The National Organization for Marriage cannot withhold the names of donors to its 2009 effort to repeal a marriage equality law in Maine, the state’s highest court ruled Thursday.
The Maine Supreme Judicial Court affirmed a ruling by the Kennebec County Superior Court, rejecting “NOM’s arguments that subpoenas issued by the Maine Commission on Governmental Ethics and Elections Practices violate donors’ First Amendment rights and expose them to ‘threats, harassment and reprisal,’” the Lewiston Sun-Journal reports.
If NOM solicited donations specifically for the Maine campaign, it should have provided donors’ names to the commission, the court ruled. But NOM had not even registered as a political action committee, as required by Maine law.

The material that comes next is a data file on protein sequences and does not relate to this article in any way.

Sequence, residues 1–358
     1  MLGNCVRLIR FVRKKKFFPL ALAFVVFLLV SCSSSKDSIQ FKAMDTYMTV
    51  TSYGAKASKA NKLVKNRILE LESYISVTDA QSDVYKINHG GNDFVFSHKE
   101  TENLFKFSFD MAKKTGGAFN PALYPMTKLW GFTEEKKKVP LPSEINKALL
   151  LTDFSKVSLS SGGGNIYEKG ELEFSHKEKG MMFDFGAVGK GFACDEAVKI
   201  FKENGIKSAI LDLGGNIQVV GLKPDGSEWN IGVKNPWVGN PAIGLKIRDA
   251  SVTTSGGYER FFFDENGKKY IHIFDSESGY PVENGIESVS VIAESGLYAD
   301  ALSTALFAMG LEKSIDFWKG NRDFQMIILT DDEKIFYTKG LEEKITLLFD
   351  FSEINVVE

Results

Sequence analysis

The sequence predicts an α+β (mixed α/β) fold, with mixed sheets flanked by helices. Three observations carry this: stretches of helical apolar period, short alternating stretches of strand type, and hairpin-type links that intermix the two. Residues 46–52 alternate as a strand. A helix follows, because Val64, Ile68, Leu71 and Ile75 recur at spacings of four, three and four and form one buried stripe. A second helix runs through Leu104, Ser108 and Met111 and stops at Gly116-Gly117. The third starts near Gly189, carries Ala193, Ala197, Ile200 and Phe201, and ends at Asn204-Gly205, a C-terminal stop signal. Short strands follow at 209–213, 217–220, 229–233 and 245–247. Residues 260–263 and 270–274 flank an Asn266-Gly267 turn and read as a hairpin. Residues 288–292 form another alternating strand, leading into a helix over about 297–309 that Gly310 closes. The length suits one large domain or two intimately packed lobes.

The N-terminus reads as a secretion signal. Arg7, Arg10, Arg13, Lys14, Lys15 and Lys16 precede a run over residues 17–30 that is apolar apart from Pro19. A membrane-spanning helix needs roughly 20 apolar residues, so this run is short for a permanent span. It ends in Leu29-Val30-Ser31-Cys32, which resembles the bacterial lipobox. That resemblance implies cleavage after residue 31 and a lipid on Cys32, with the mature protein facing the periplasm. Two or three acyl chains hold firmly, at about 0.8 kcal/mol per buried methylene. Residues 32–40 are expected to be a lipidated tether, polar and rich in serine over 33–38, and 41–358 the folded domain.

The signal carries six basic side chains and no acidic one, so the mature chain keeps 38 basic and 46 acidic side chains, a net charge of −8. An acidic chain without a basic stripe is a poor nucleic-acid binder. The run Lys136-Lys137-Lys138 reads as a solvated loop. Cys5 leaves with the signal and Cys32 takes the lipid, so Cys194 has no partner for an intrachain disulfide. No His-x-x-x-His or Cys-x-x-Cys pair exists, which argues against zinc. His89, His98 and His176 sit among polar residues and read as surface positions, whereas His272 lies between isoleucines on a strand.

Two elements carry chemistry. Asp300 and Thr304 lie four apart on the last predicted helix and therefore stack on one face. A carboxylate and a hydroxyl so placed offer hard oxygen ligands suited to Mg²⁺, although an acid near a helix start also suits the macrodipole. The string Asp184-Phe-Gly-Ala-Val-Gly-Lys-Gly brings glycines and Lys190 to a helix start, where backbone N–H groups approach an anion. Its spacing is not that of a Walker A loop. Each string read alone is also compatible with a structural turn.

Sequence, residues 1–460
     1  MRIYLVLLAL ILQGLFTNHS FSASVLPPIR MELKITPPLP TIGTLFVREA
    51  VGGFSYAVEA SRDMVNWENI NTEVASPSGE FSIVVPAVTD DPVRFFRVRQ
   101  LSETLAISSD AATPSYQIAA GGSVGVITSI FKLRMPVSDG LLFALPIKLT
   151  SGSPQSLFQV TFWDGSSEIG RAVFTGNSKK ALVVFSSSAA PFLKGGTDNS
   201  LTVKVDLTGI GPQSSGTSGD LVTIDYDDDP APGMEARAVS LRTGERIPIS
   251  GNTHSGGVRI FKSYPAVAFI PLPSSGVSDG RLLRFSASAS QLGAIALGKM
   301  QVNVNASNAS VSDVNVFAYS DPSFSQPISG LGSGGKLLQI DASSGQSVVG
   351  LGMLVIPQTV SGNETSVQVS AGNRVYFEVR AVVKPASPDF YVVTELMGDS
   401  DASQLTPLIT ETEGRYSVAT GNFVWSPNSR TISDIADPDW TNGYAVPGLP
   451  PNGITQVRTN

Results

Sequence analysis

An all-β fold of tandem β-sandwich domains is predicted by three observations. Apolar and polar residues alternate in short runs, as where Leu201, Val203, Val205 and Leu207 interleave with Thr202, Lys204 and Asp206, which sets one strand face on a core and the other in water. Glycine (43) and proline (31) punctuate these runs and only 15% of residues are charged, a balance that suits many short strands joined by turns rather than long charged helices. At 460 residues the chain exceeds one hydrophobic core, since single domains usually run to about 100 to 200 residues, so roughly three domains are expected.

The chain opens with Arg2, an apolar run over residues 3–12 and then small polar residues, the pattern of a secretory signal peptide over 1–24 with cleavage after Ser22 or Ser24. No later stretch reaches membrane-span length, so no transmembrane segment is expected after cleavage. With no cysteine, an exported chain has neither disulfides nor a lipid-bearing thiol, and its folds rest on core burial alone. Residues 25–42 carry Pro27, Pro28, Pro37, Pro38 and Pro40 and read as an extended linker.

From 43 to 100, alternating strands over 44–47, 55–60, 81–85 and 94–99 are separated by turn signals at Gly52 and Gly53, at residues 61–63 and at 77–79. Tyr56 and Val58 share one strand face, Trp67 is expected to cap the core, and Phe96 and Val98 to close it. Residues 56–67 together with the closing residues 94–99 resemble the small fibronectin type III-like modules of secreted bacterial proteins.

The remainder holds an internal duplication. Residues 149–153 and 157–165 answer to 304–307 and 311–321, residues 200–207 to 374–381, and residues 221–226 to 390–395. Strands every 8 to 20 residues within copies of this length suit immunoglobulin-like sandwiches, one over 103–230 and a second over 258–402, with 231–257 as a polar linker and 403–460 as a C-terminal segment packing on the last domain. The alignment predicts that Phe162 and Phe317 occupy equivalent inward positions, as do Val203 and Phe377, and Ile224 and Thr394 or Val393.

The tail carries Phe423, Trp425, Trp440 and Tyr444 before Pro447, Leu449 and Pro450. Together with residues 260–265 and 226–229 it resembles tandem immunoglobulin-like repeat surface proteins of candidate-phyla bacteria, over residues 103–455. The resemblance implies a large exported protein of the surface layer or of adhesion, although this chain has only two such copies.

The Maine legislature passed a marriage equality law in 2009, but voters repealed it via ballot initiative. Another initiative campaign led to the restoration of equal marriage rights last year. NOM complied with state campaign finance laws in the latter election.
The ruling is the latest of several against NOM’s attempts to shield donors’ identities. No word yet on NOM’s reaction; read The Advocate’s investigation of the group’s finances here.